Section 504 is the portion of the Rehabilitation Act of 1973 which applies to persons with disabilities. Basically, it is a federal civil rights act which protects the civil and constitutional rights of persons with disabilities. Section 504 prohibits organizations which receive federal funds from discriminating against otherwise qualified individuals with disabilities in the United States by reason of his/her disability. If further prohibits the exclusion from the participation in, the denial of benefits from, or the subjection to discrimination under any program or activity receiving federal financial assistance. Section 504 is enforced by the United States Department of Education, Office for Civil Rights (OCR).
The definition of an individual with a disability under Section 504 covers a much broader population than the definition of a disabled person under the Individuals with Disabilities Education Act (IDEA). IDEA is a federal statute that mandates a free, appropriate public education (FAPE) to infants, toddlers and children with disabilities in a manner consistent with federal mandates. Under IDEA infants and toddlers (0-2) with disabilities and children 3-21 who meet the definition of a preschool child with a disability or one of the 13 disability categories applicable to school age children are provided special education services and/or related services as indicated by their Individual Education Plan (IEP). Section 504 extends its protection not only to students, but to job applicants, employees and all individuals, otherwise eligible, to participate in school sponsored programs or activities.
Under Section 504 a person is considered handicapped or disabled if he/she:
1. has a physical or mental impairment which substantially limits one or more major life activities, such as walking, seeing, hearing, speaking, breathing, learning, working caring for oneself, and performing manual tasks,
2. has a record of such an impairment, or
3. is regarded as having such an impairment.
Again, the Section 504 Rehabilitation Act goes beyond covering just students with disabilities. Examples of individuals with disabilities under Section 504 not covered by IDEA are:
1. alcohol and/or drug addiction,
2. communicable diseases (AIDS, etc.),
3. injured students (broken legs, etc.),
4. homebound student (auto accident),
5. Attention Deficit Hyperactivity Disorder (ADHD),
6. socially maladjusted/behavior disorders,
7. chronic asthma and severe allergies,
8. students who are 22 or older depending on state law,
9. parents who have a handicapping condition,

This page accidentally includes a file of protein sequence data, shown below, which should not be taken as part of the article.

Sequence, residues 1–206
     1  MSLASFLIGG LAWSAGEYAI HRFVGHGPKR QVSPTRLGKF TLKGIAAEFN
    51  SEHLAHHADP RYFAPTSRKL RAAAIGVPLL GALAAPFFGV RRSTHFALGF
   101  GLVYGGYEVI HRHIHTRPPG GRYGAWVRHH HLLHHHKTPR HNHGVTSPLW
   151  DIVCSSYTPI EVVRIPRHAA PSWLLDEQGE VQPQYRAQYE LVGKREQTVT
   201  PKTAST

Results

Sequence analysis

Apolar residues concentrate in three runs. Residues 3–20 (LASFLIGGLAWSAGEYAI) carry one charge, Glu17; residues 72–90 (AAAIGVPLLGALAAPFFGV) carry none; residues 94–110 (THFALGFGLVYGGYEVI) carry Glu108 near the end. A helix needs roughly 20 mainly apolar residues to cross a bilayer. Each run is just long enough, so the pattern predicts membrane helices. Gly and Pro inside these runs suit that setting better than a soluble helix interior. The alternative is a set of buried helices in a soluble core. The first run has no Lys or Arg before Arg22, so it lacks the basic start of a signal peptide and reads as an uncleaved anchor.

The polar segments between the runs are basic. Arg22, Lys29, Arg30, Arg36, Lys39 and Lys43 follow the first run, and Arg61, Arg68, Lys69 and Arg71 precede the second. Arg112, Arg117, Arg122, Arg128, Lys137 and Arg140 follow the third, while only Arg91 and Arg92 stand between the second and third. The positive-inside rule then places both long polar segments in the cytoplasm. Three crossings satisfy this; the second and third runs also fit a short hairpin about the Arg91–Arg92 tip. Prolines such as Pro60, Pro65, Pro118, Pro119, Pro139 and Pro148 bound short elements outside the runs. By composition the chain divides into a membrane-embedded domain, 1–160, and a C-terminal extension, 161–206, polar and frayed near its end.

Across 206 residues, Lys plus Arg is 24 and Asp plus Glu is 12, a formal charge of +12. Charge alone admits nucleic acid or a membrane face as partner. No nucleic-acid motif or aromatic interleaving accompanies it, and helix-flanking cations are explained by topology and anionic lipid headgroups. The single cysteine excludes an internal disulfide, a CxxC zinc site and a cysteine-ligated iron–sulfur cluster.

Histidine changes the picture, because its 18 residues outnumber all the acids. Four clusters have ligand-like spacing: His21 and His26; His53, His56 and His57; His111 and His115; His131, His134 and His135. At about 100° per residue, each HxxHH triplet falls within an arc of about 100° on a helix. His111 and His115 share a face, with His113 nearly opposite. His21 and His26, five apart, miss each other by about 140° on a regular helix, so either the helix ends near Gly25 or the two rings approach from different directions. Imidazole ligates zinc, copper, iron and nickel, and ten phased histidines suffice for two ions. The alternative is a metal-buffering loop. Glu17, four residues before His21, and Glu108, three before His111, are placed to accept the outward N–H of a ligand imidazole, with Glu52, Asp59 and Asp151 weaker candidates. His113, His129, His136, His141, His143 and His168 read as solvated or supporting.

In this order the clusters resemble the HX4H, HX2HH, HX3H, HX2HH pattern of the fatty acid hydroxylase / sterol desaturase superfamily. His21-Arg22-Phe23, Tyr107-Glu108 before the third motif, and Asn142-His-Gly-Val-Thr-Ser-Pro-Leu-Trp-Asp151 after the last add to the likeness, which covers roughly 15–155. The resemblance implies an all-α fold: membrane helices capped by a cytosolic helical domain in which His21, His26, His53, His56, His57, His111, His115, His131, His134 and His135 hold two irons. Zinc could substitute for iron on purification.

10. employees, and
11. post-secondary institutions
Section 504 requires that all school districts provide written assurances of nondiscrimination in any and all federally funded program applications. School districts must also designate an employee to coordinate Section 504 compliance and adopt grievance procedures to resolve any complaints. Districts must also provide notice of nondiscrimination to participants, beneficiaries, applicants and employees, including those with impaired vision or hearing, and to unions or professional organizations holding collective bargaining or professional agreements with the recipients. Districts must provide notice annually of the school board’s responsibilities under Section 504 to disabled students and their parents. A sample notice of Section 504 parent/student rights can be found in Appendix 1.
To ensure compliance with the above mentioned federal regulations districts should adopt comprehensive Section 504 policies and procedures which specifically address the provision of a free appropriate public education to school age students with disabilities. It is imperative that our school officials be aware of the requirements and the limitation of this federal civil rights act.
Section 504 Due Process
Below is a description of the right granted by federal law to students with disabilities. The intent of the law is to keep you fully informed concerning decisions about your child and to inform you of your rights if you disagree with any of these decisions.
You have the right to the following:
- Right to have your child with disabilities take part in, and receive benefits from public education programs without discrimination because of his or her disability.
- Right to receive all information in the parent’s or guardian’s native language or primary other mode of communication.
- Right to have your child receive a free appropriate public education which includes the right of the child to be educated with students without disabilities to the maximum extent appropriate.
- Right to have your child have equal opportunity to participate in school programs and extracurricular activities sponsored by the school.
- Right to receive notice a reasonable time before a district identifies, evaluates or changes your child’s placement.
- Right to inspect and review all of your child’s educational records, including the right to obtain copies of education records at reasonable cost unless the cost would deny you access to the records, and the right to amend the record if you believe information contained in the record is inaccurate or misleading. If the school district refuses to amend the record, you have a right to request a hearing.
- Right to have educational evaluation and placement decisions made based on information from a variety of sources and by persons who know the needs of the student, meaning of evaluation data and placement options.
- Right to periodic reevaluation and evaluation before any significant change in placement.
- Right to an impartial hearing if you disagree with the school district’s proposed action. You will be an active participant. You have the right to be represented by counsel in the impartial hearing process. You have the right to appeal the impartial hearing officer’s decision.